d2e: You launched your products with Kickstarter funding. Did you have an overwhelming response to the Kickstarter campaign? Can you give us any insight into the pros and cons of the crowdfunding process?

Ben: Kickstarter is a topic that we could write a book about; we’ve launched two crowdfunding campaigns and have become quite intimate with the process of it. We have been fortunate to receive funding through both of our campaigns, but we don’t take for granted the hard work that goes into planning a successful campaign.

In a nutshell, the pros of crowdfunding are twofold.

1) It gives people the opportunity to access capital, test the market with an idea, and generate pre-sales for a product before it goes into production.

2) Crowdfunding provides people the opportunity to gain exposure in the market – sometimes through press and other times through organic site traffic – which helps to generate awareness for both a product and company.

Often, the biggest pitfall for crowdfunders is underestimating the capital required to launch a project. Underestimating capital can compromise a person’s ability to be able to deliver on his or her promises further down the road. Fortunately, we have not encountered these issues. Prior to launching each of our campaigns, we have been quite diligent in fully understanding the strategy and economics of crowdfunding.

Compression flight socks

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d2e: Can you share any information on the design process and how long it took to design the canes.

Matt: The design process for our canes, and for all of our products in development, is often quite long. Ben and I often jam on product concepts, then I start drawing rough sketches. Eventually these sketches are turned into renderings and we will build some rapid (rough) prototypes before finding factories that we might want to work with to produce our designs. Once we narrow down the factories that we want to work with, we get some pre-production prototypes built and refine them until we are happy for them to go into production.

d2e: What challenges/setbacks did you come up against in manufacturing the products – or did the whole process run very smoothly? 

Matt: The most challenging thing about manufacturing any type of product is finding high quality manufacturers that can deliver on the vision we have for a product. Since our products often combine multiple materials, it can be challenging to find one manufacturer with the capabilities to produce products that use many different materials and manufacturing processes.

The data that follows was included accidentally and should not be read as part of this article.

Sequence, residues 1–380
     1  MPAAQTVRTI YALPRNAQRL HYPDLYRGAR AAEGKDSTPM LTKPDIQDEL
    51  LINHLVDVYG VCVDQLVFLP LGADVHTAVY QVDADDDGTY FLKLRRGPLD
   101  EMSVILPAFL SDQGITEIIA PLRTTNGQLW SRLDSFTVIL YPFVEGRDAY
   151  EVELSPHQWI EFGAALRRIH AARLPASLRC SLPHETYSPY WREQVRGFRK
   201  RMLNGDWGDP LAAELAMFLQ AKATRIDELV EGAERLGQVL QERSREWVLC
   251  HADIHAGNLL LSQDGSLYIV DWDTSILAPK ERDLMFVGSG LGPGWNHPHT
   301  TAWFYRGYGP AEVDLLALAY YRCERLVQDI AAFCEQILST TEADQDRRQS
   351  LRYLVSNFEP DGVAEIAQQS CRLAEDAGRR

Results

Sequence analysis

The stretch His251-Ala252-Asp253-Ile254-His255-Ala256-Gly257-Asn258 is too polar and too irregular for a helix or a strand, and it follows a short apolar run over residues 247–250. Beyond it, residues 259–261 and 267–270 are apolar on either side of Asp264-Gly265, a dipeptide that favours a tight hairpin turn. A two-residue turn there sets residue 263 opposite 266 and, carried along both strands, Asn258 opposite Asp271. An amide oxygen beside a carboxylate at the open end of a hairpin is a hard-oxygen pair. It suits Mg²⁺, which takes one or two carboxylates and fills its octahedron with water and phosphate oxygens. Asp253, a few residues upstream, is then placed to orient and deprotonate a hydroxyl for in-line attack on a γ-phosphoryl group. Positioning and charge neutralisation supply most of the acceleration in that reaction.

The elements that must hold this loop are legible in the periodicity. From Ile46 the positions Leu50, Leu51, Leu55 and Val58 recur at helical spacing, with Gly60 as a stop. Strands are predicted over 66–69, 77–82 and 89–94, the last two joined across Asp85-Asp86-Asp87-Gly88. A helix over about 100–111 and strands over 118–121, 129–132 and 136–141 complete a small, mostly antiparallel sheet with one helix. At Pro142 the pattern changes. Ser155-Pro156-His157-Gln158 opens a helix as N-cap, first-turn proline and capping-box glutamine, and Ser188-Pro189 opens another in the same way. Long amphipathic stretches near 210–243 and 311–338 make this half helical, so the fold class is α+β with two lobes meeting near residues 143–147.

d2e: How do you select the manufacturers that produce your products? Did they have to meet certain criteria?

Matt: We spend a great deal of time finding the high quality manufacturing partners. Once we design rough prototypes, the longest part of the development cycle is finding manufacturers that we want to work with.

d2e: Have you had any specific feedback from retailers/design institutes and the general public? Are the larger department stores buying into the idea?

Ben: The general public (who use home healthcare products) seem to really resonate with the T&D brand and what we are trying to achieve. Larger department stores are not as open to the idea, since they don’t believe that consumers want design-driven home healthcare products. However, we believe that it will only be a matter of time before the market demands it.

If you would like to know more about Top & Derby’s products, check out the Chatfield walking cane and compression socks at designed2enable.co.uk

 

 

OneLeg Gardening and Posture Stools that Rock

OneLeg garden stool

OneLeg stool for gardening

Danish inventor, Susanne Schmidt was inspired to create OneLeg after finding an old “collar button” wooden, one-legged stool in her attic which had previously been used by her ex-husband, a bricklayer, for laying paving. The stool had a single wooden leg and flat top with a curved base to the foot.  Susanne took to using the stool in the garden to save her knees and back and after a while, felt sure that she could improve on the design to create a stool with a wider curved base that would prevent it digging into the ground.  She also wanted it to be self supporting, ergonomic, weather resistant, stable enough to allow a good working radius and suitable for use for all ages. With the help of a friend and a few prototypes later, OneLeg Low was created with the addition of the anti-slip foot and stool covers.

Oneleg kitchen stool

Oneleg stool is useful for jobs around the home

True to the simplicity and elegance of traditional Danish design, OneLeg stool alleviates the problems of aches and pains through kneeling and bending. OneLeg has a unique curved foot that allows the user to tilt and rotate around so that the stool simply follows the body’s movements. You will be amazed at the improvement in your core strength and concentration by using OneLeg.

OneLeg will save your knees and back whenever you have things to do at ground level. Rock and turn on the unique base; OneLeg will follow your movement, giving you a wide radius while strengthening your back and abdominal muscles. and your core strength. The curved base is gentle to the ground. It won’t sink down into grass or soil and can be used on both flat and sloped areas.